Germany perhaps faces the most difficult trade-offs and impracticalities when it comes to prolonging its nuclear power plants. The country’s most pressing issue is finding a stand-in for its heavy reliance on Russian gas before the winter. However, gas in Germany is largely used for heating in private or industrial processes, where additional nuclear-powered electricity would be of little help. “You would have to produce the heat another way – and that wouldn’t come from nuclear,” says Christoph Pistner, head of nuclear engineering and facility safety at environmental research institute Oeko-Institut.
The other use of gas in the German electricity system is to cover the fluctuations in demand and production of renewable energy. “Gas power in Germany quickly jumps between a few gigawatts (GW) and 10/12/13GW just to bridge the gap in the demand and production of renewables, and you cannot do that with nuclear power plants," says Pistner. “Therefore, prolonging the lifespans of nuclear power plants wouldn’t help very much to save gas usage in the electricity system.”
Another roadblock comes in the form of the country’s 'Atomic Law', which lays out reasons why the nuclear power plants should not operate after 2022. If the law was to be changed, it would open the government to lawsuits from third parties, according to Pistner.
There are also practical considerations. There is limited fuel left in the country’s nuclear reactors, enough to operate them for another two to three months. To use them for any longer, the operators would have to buy new fuel. “It would take probably over a year to get some new fuels, probably meaning the nuclear plants wouldn’t be able to be used next summer, and depending on when the decision is taken, the new fuel may only be available by the end of next year,” says Pistner.
Then there are the personnel issues. All the reactor operators have long planned for closing at the end of this year, so their staff are all moving on to other jobs. “We would need to change all our operational procedures to get these people back; to qualify them, to renew their licence – just to be able to continue to operate these power plants,” says Pistner.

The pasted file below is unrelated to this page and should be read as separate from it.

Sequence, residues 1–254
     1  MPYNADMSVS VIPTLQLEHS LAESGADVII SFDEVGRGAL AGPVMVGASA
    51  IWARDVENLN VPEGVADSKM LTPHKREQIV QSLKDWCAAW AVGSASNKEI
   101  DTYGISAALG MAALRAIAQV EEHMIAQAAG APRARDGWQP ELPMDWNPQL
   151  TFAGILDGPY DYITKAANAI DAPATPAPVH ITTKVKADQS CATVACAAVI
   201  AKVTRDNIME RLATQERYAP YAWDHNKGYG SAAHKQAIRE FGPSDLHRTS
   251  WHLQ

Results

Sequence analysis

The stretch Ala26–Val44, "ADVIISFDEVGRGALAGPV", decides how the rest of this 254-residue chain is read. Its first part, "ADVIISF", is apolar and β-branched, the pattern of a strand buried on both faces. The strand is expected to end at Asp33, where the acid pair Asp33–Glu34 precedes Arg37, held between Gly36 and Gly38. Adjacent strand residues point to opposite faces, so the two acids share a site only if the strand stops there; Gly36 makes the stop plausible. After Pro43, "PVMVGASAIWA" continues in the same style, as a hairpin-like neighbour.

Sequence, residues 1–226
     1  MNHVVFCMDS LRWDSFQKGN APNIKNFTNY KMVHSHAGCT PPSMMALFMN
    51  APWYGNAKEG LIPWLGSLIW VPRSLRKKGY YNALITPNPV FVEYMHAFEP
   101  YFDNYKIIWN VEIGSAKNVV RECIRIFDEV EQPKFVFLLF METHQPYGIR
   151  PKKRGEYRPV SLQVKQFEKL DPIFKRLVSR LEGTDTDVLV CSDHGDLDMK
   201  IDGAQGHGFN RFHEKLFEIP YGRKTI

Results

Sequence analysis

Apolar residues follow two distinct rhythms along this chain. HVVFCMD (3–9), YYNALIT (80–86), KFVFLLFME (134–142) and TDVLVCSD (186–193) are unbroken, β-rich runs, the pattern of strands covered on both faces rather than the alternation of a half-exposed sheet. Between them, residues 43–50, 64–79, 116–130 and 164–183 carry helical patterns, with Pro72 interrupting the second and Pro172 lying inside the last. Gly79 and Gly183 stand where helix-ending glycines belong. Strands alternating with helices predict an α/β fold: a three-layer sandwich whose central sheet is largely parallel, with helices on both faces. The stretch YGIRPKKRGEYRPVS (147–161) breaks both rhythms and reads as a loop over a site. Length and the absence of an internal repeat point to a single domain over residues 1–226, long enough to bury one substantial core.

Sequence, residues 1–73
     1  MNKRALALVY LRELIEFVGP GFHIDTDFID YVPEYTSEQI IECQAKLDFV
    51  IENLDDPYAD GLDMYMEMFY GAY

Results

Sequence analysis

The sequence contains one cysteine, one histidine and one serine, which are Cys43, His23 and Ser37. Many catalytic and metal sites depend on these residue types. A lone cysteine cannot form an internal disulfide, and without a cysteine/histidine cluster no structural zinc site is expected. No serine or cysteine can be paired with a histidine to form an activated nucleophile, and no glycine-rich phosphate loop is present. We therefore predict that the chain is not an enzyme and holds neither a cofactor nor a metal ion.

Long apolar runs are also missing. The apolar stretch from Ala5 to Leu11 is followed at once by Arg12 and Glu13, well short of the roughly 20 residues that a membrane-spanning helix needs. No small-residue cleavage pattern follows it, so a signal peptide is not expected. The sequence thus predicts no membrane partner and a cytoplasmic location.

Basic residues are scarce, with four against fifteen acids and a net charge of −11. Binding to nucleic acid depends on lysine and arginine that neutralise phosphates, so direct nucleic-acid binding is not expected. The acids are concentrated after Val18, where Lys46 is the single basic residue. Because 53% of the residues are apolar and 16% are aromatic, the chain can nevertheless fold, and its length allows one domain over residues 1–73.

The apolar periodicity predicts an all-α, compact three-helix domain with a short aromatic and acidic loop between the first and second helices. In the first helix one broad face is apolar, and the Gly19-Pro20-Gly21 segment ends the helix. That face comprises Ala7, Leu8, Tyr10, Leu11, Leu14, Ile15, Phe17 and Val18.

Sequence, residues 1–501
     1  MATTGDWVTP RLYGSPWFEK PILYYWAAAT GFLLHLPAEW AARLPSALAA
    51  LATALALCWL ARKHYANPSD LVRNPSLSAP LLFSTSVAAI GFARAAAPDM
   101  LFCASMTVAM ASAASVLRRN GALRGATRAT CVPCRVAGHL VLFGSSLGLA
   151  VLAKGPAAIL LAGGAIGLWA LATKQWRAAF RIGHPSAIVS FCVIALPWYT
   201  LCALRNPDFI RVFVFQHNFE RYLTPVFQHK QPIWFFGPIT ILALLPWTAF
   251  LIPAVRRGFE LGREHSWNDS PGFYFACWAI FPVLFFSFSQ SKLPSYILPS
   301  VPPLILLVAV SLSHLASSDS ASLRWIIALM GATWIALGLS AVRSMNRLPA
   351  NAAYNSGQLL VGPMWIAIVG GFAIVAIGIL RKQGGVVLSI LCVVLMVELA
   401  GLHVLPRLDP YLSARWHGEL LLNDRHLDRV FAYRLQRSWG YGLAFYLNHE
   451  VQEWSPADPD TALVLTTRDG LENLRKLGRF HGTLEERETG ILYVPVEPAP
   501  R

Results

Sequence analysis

Finally, there would be the safety issues. Beyond the open question of whether having nuclear plants operating at all is safe in the first place, there is a specific obligation in international requirements for operators to perform periodic safety reviews every ten years. However, there is a clause in those requirements stating that when the plant is closing within three years, the operator forgoes the review. “The three German plants that are still in operation would have had to have done this review in 2019, but they didn't do it because they thought they would be closing at the end of 2022,” says Pistner. “So there is a big question mark over whether these plants are still safe to run.”
Over the longer term, there are many who argue Germany would be better served by concentrating on replacing its nuclear capacity with renewable energy. Within the German electricity sector, nuclear reactors contributed just 69TWh to the grid in 2021, whereas renewable sources of energy provided 238TWh. To put that into historical perspective, in 2010, the year before Fukushima, nuclear energy contributed 140.6TWh and renewables 105.2TWh.
“The increase in the contribution of renewables has more than compensated for the decline in nuclear energy generation,” says MV Ramana, the Simons chair in disarmament, global and human security at the School of Public Policy and Global Affairs, University of British Columbia. What is more, when combined with an increase in energy efficiency, resulting in decreasing energy consumption, Germany also reduced its use of coal and lignite, whereas natural gas contributed roughly the same amount of electricity in 2010 as it did in 2021.
“The bottom line is this: expanding renewables can more than make up for the loss of nuclear capacity," says Ramana. "It is true that for various political reasons that expansion has not gone as fast as it should have in the last few years, but the Russian invasion of Ukraine has changed that situation.”